How to become a software engineer despite the pandemic?

We are only scratching the surface of the huge upward curve in jobs and earning possibilities yet to come. Those who gain the required skills and qualifications now will be the forerunners of the future.

One of the underlying reasons for this impending boom is the increasing dependency of every industry on information technology. Be it healthcare, manufacturing, software, insurance, banking, automobiles, or space technology, and systems now run on software. Futuristic technologies such as IoT, machine learning, AI, and cloud also require people with software skills.

According to the Bureau of Labor Statistics (BLI), the demand for software engineers will grow 21% between 2018 and 2028, which is faster than the average demand in all other occupations put together.

Apart from software developers, companies also need testers, software maintenance engineers, cybersecurity professionals, database architects and developers, network engineers, and web developers. The possibilities are huge. However, the COVID-19 pandemic is making students skeptical about the future.

Is it possible to become a software engineer despite the pandemic? Let’s take a look.

Impact of coronavirus on students and job market

Coronavirus pandemic has taken all of us by surprise, and uncertainty about the future is understandable. Especially since 27% of first-generation college students come from households with an income of $20,000 or less. Some of the ways it has impacted students are:

  • University campuses are shut because close proximity among students can spread the virus. The very foundation of the traditional campus ecosystem is impacted.
  • International students are forced to return. Students who live on the campus have had to go back home.
  • Students whose families may be struggling financially cannot afford to keep paying for the hostel facilities or labs if regular classes are not conducted.
  • Online studies have become a new normal, but many students and their families are new to this and may require regular technical support.
  • The pandemic has added to the emotional and mental stress among students, where many may or may not reach out for help.

The health and economic crisis have impacted the job market too:

  • The sudden slowdown in the economy and vacancies due to businesses cutting their costs.
  • Many businesses are running with limited operations and staff, thereby impacting the deliveries.
  • Tech conferences and recruitment fairs are canceled due to a ban on group gatherings and travel restrictions. For example, Apple has canceled its WWD conference. Facebook and Microsoft have also canceled developer meets. Many companies are switching to online events.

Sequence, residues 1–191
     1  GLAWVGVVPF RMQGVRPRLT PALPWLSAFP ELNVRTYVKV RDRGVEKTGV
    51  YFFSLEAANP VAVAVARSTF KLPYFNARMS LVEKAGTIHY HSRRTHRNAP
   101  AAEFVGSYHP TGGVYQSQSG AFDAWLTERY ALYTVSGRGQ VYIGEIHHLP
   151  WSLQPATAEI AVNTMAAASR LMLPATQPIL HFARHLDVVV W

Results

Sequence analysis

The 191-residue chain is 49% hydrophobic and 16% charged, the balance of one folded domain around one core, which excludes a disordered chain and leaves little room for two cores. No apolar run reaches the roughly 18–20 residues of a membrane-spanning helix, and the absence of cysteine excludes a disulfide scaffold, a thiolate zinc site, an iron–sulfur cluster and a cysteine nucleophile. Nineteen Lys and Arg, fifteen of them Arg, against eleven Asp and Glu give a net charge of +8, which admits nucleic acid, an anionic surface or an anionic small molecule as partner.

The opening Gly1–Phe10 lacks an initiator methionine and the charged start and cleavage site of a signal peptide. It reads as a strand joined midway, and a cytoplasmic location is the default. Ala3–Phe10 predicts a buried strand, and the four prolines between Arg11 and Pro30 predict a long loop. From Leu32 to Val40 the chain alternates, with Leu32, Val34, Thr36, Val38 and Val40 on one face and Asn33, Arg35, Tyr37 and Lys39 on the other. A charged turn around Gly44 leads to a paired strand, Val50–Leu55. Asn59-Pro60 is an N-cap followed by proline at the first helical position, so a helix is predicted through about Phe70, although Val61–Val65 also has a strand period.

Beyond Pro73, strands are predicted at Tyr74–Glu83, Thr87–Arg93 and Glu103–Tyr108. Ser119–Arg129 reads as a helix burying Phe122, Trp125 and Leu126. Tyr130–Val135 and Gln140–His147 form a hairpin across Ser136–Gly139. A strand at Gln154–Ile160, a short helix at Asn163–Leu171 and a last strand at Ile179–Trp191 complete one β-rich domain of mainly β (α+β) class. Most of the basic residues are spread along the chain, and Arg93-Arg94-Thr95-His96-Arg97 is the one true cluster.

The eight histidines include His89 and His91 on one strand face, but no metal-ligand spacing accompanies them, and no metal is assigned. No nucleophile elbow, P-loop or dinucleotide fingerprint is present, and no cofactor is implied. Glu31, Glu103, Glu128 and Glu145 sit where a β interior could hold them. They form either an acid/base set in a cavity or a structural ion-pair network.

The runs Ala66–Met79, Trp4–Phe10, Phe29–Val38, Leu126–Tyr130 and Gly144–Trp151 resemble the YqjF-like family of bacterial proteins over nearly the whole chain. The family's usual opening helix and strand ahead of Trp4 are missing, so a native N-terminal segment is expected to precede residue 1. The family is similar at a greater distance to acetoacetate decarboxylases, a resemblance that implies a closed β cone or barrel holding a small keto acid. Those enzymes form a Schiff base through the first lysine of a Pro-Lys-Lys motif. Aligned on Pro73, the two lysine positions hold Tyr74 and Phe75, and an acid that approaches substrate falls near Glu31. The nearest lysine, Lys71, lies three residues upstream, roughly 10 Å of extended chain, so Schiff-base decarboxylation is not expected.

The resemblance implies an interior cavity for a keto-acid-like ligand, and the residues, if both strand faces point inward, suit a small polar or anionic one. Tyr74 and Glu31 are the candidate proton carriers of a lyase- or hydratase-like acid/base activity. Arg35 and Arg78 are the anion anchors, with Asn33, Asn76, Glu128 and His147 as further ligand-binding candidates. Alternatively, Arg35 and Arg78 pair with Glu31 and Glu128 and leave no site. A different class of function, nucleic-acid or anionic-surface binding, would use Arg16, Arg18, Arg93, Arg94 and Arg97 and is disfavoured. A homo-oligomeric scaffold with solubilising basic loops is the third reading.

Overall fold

• There is a disruption in supply chains due to other small businesses being temporarily shut.

The future is still strong for students and job market.

This is a time of great social and economic change, but the situation is better than it seems. The IT sector is still resilient to the impact of coronavirus. In fact, certain niche sectors, such as cybersecurity, continue to grow during the pandemic. The software companies are choosing to keep the talent on board!

“For students aspiring to be software engineers, there is no reason to panic.”

It is a privilege to be a software engineer. They create new systems to solve people’s problems and make their lives easier. Every industry, including critical ones such as healthcare, defense, banking, automobile, and insurance, depending on software engineers. In fact, many companies are even hiring.

The Greater Nashville Technology Council surveyed 195 member companies representing over 120,000 part-time and full-time employees. 86% of the companies haven’t seen any change in the employee number. Actually, 31% are hiring new employees to gain a competitive edge. According to a survey by CareerExplorer, a platform to seek jobs, only 5% of software engineers have lost jobs as compared to 20% in all other industries. This is primarily because developer jobs can be done from anywhere.

To complement this trend, universities are aligning themselves with remote learning environments to help students continue their studies despite the pandemic. Universities are using online course management systems such as Canvas that allow professors to post grades and assignments online. Software such as MS Teams and Zoom are being used to conduct online classes. With no dearth of high-speed internet, this is easily possible.

The faculty and support staff are helping students adjust to the new ways of learning online where the classes run as per a schedule just like they do on campus:

  • Universities have already switched to an online learning model, while also conducting remote-learning boot camps.
  • Institutions are offering a stipend to students for internet access and laptop rental or purchase in case they don’t have one. They are even purchasing laptops and Wi-Fi hotspots in bulk and giving them to the students on an affordable loan.
  • Internet and telephone service providers across the US have signed the FCC Keep Americans Connected Pledge and are providing data services with no upper cap to help online learning.